Mainstream media sources are pushing Google to promote their content at the top of Google search results, a push they believe would give their original content the ‘rightful’ place it deserves in search engine results: at the top.
Nat Ives writes for Advertising Age on March 23:
“Major media companies are increasingly lobbying Google to elevate their expensive professional content within the search engine’s undifferentiated slush of results…..
….‘You should not have a system,’ one content executive said, ‘where those who are essentially parasites off the true producers of content benefit disproportionately.’…”
Martin Nisenholtz of the New York Times explained why he thinks the search engine isn’t biased enough toward original news.
“He’d just run a search for Gaza, which had been at war with Israel since Dec. 27. Google returned links to outdated BBC stories, Wikipedia entries and even an anti-Semitic YouTube video well before coverage by the Times, which had an experienced reporter covering the war from inside Gaza itself.
Search results for ‘Gaza’ on March 20 began with two Wikipedia links, a March 19 BBC report, two video clips of unclear origin, the CIA World Factbook, a Guardian report and, most strikingly, a link to Gaza-related messages on Twitter.”
Note that Nisenholtz is quibbling about the results of a regular search engine, which isn’t necessarily intended as a news feed, but rather a survey of the different, multimedia forms of information on the internet.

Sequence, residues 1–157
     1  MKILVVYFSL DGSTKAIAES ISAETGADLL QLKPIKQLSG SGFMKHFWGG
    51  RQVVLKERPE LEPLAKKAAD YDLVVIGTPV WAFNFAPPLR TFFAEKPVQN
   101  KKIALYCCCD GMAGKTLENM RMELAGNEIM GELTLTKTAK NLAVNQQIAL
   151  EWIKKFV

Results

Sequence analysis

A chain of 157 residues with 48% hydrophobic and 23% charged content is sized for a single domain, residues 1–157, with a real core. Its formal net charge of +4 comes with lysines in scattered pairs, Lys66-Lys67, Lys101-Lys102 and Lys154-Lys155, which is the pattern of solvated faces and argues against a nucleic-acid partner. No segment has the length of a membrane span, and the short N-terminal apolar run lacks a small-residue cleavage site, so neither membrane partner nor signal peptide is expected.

That means the media is trying to outcompete not just the contents of blogs, but also government websites, non-profits, published research, and educational institutions who have to be ranked by Google as well.
I have a suggestion for the news companies: use Google News search.
At the time of this writing, a search for Gaza using news.google.com brings up a CNN titled “Israeli military to probe Gaza campaign allegations” which Goggle says is “12 hours” old.
It also provides links to AFP, Reuters, BBC, Aljazeera.net, and CNN International and links to a list of 2,955 related articles.
If people are looking for news content, they can easily search using those parameters on Google. By pushing mainstream media dominance in Google search when they already have a dedicated feed of their own, news companies are suggesting that reporters offer more salient facts and more interesting opinions/analyses than any other source on the world wide web.
Maybe it’s just that fewer people want to read a traditional news article. K. Daniel Glover offers more thoughts on this.
Watch for possible changes on April 30. Ives writes that “Publishers are nonetheless looking forward to the next closed-door meeting of Google’s Publishers Advisory Council on April 30, when many hope to get some solid response from Google.”